This is the most absurd, contradictory story I can remember: The current Time magazine cover story reports on the disastrous effects of pornography on those who view it. Yet the magazine's cover image is so explicit that I warn you not to view it. The image that accompanies the story on page 40 is nearly as graphic. I would not want this magazine near anyone I know.
First, let's discuss the content of the article. Belinda Luscombe documents the growing number of young men who are convinced that "their sexual responses have been sabotaged because their brains were virtually marinated in porn when they were adolescents." So they are creating online community groups, smartphone apps, and educational videos designed to help men quit porn. Luscombe observes: "For the first time, some of the most strident alarms are coming from the same demographic as its most enthusiastic customers."
Many have been worried for years about pornography's degradation of women and normalization of sexual aggression. British Prime Minister David Cameron has begun the process of requiring porn sites to verify the age of their users or face a fine. The Utah state legislature has unanimously passed a resolution treating porn as a public-health crisis.
This is indeed a crisis. According to Time, forty-six percent of men ages eighteen to thirty-nine intentionally view pornography in any given week. Ninety percent of college-age men and one-third of women viewed porn during the previous year. Now a growing body of scientific research indicates that watching pornography is damaging to the brain and highly addictive. The Time article focuses on those who are trying to stem the tide of porn for reasons that have little to do with morality.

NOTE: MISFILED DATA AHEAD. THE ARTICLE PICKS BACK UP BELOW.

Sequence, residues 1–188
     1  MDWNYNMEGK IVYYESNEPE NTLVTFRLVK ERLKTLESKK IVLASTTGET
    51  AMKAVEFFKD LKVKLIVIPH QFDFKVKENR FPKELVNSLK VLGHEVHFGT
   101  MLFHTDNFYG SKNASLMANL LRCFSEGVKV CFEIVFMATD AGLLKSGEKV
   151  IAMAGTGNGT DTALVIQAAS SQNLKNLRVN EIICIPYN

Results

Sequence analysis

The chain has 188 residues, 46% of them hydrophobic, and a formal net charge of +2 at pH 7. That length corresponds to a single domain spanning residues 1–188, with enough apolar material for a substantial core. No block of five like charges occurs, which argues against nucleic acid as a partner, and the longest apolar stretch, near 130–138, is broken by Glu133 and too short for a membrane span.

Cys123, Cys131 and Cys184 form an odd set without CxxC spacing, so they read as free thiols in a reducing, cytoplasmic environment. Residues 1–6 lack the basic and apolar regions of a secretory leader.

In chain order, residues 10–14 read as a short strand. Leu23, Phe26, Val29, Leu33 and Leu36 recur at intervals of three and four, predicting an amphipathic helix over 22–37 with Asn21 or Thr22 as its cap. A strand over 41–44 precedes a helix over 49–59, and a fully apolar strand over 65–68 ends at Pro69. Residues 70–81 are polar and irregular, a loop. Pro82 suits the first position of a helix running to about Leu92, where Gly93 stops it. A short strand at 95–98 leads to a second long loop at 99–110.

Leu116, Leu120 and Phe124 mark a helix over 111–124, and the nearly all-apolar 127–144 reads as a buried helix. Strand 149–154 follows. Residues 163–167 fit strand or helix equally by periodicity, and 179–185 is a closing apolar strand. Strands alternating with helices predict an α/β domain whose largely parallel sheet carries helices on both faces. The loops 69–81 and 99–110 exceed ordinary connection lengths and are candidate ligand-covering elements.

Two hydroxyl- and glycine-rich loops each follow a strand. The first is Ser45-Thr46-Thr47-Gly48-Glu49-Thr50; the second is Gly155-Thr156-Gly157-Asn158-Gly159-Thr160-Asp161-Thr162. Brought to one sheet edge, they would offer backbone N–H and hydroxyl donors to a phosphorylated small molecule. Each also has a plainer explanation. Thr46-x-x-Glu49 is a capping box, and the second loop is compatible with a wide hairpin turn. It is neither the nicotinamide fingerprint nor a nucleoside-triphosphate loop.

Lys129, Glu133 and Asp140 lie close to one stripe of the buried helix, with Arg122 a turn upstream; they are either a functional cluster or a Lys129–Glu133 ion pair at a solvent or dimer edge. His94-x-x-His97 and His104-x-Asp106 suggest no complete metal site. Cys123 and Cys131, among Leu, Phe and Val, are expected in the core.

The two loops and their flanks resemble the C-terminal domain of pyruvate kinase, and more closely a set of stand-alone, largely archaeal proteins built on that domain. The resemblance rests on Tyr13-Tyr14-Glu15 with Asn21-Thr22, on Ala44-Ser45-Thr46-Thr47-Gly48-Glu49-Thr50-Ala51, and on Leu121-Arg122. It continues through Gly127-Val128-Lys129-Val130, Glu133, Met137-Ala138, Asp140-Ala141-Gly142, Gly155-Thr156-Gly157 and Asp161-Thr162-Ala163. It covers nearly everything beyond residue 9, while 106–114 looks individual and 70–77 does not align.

Our ministry has been warning about this epidemic for years. (For more, please see my The Plague of Pornography.) I applaud Time for lending its significant influence to confronting this crisis. But I am shocked at the images they chose to accompany their story.
As I stated above, the magazine's cover image is so explicit I am warning you not to look at it. The same is true for the image that begins the actual article. Why would the Time editor choose to show pornography for a story that warns against pornography? This is like offering whiskey at an Alcoholics Anonymous meeting. Unlike porn magazines, Time is displayed at checkout stands and on magazine racks all over the country, as well as online. Any person of any age can see the images I'm warning you to avoid.
They are totally unnecessary to the story. I cannot think of a rationale that defends including them. I can only assume that whoever made this decision thought their graphic nature would sell more magazines. If so, Time is using sexual images to make money, which makes its magazine pornography.
Here we find more proof that Jesus was right: Lust is so devastating that we must do whatever it takes to refuse it (Matthew 5:27–30). Starting with this week's Time magazine.
So what can Christians do? In a world that is more numb to pornography than ever, we can manifest the true nature of love. We can model sexuality, dating, and marriage in a way that is pure, healthy, and positive. We can show a skeptical culture that God invented love and sex and intends them for our good and his glory.
The antidote to pornography and the key to genuine love are the same: "To love someone means to see him as God intended him" (Fyodor Dostoevsky).
Publication date: April 6, 2016
For more from the Denison Forum on Truth and Culture, please visit www.denisonforum.org.
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